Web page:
We identified and conducted a review of systematic reviews of behavioral intervention trials targeting lifestyle risk factors related to the prevention and/or management of circulatory and related conditions. Suitable reviews were identified by conducting an electronic search with the Database of Systematic Reviews of the Cochrane Library (Issue 3, 2009) and by crossing the keywords 'diet,' 'eating,' 'physical activity,' 'exercise,' 'smoking,' 'nutrition,' 'lifestyle,' 'behavior,' 'change,' 'smoking,' 'obesity,' 'overweight,' and 'adiposity.' These were crossed separately with 'cardiovascular,' 'heart disease,' 'coronary,' 'metabolic syndrome,' 'type 2 diabetes,' 'pre-diabetes,' and 'chronic disease.' Last, the search was combined with 'intervention' or 'trial.' We identified 165 reviews published between 1997 and 2009. We selected only reviews that were published in English and related to adults aged 18 or above. Reviews were excluded if they were: (1) related to medical conditions other than circulatory and associated conditions (e.g., psychiatric disorders, pregnancy, HIV/AIDS, cancer); (2) pharmacological interventions and did not incorporate any explicit lifestyle or behavioral change strategies; (3) primarily focused on interventions to treat biological mechanisms; (4) focused primarily on determinants of health behaviors rather than health behavior change per se; and (5) primarily narrative or qualitative reviews. We identified 27 reviews that met these inclusion criteria and these reviews form the basis of our evaluation of the effectiveness of lifestyle interventions for this chapter. Additionally, we conducted a search that also included other databases (PSYCINFO, MEDLINE) in order to identify non-systematic and narrative reviews that considered other relevant issues that are not usually well addressed by systematic reviews. These other issues are discussed in more detail in the final section of this chapter.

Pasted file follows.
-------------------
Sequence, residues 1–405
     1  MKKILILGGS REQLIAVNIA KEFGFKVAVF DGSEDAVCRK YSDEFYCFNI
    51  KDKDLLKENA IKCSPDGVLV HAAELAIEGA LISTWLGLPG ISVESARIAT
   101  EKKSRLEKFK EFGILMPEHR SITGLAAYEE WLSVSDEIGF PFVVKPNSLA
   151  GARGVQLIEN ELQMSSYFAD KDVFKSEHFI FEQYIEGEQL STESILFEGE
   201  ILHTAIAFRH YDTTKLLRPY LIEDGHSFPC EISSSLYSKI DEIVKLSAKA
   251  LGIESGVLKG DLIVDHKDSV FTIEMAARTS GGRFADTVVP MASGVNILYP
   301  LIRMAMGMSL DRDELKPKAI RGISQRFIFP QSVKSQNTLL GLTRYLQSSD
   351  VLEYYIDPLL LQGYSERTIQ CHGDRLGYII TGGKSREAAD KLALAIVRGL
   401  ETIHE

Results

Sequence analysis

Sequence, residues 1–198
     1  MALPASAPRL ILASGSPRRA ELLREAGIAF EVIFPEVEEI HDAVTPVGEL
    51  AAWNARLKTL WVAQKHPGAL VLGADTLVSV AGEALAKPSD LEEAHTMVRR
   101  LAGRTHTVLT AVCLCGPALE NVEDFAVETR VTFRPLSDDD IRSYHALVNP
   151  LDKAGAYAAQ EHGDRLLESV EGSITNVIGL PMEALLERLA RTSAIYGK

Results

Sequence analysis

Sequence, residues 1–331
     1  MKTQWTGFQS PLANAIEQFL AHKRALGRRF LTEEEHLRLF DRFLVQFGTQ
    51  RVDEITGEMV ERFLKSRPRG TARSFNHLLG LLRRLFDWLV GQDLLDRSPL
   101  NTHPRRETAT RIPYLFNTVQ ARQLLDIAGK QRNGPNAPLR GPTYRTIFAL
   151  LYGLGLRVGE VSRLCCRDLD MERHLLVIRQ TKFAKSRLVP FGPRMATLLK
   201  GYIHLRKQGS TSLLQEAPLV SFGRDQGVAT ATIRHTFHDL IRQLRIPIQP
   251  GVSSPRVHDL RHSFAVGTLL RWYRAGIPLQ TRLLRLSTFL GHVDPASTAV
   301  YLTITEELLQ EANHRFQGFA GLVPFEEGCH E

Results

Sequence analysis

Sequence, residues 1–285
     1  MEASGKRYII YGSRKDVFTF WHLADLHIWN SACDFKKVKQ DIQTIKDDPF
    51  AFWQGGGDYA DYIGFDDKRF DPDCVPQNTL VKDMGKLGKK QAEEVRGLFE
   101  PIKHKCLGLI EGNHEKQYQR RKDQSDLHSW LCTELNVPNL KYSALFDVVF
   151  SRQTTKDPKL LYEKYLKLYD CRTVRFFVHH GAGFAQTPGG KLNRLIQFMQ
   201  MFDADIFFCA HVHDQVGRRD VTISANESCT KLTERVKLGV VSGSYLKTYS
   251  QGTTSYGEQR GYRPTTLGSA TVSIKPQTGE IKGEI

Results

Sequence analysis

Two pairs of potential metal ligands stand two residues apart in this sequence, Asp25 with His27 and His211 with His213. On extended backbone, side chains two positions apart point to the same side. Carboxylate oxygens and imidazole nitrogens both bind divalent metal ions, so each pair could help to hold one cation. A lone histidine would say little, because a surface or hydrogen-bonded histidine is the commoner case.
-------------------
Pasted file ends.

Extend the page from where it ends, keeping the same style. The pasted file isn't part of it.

Among the 27 systematic reviews included from the Cochrane Library, there were six on nutrition and diet (Table 62.1, SR1-6), four on exercise (SR7-10), three on both diet and exercise (SR11-13), five on smoking (SR14-18), and one on multiple risk factors (SR19). Another eight reviews evaluated interventions targeting different aspects of disease management (SR20-27).
the reviews. Smoking intervention settings were more varied and included other community settings and delivery systems, including the use of mass media. Disease management interventions were most often delivered via health-care or related settings.
Channels of delivery were varied and diverse, although face-to-face delivery - either individually or in groups - was the most common approach utilized. Other approaches included delivery via telephone, internet, mail, and mass media. Most interventions were delivered by health professionals. Many different kinds of professionals were involved in delivery of smoking interventions including counselors, psychotherapists, teachers, and pharmacists, in addition to nurses and physicians. There were two systematic reviews of intervention delivery by peers.
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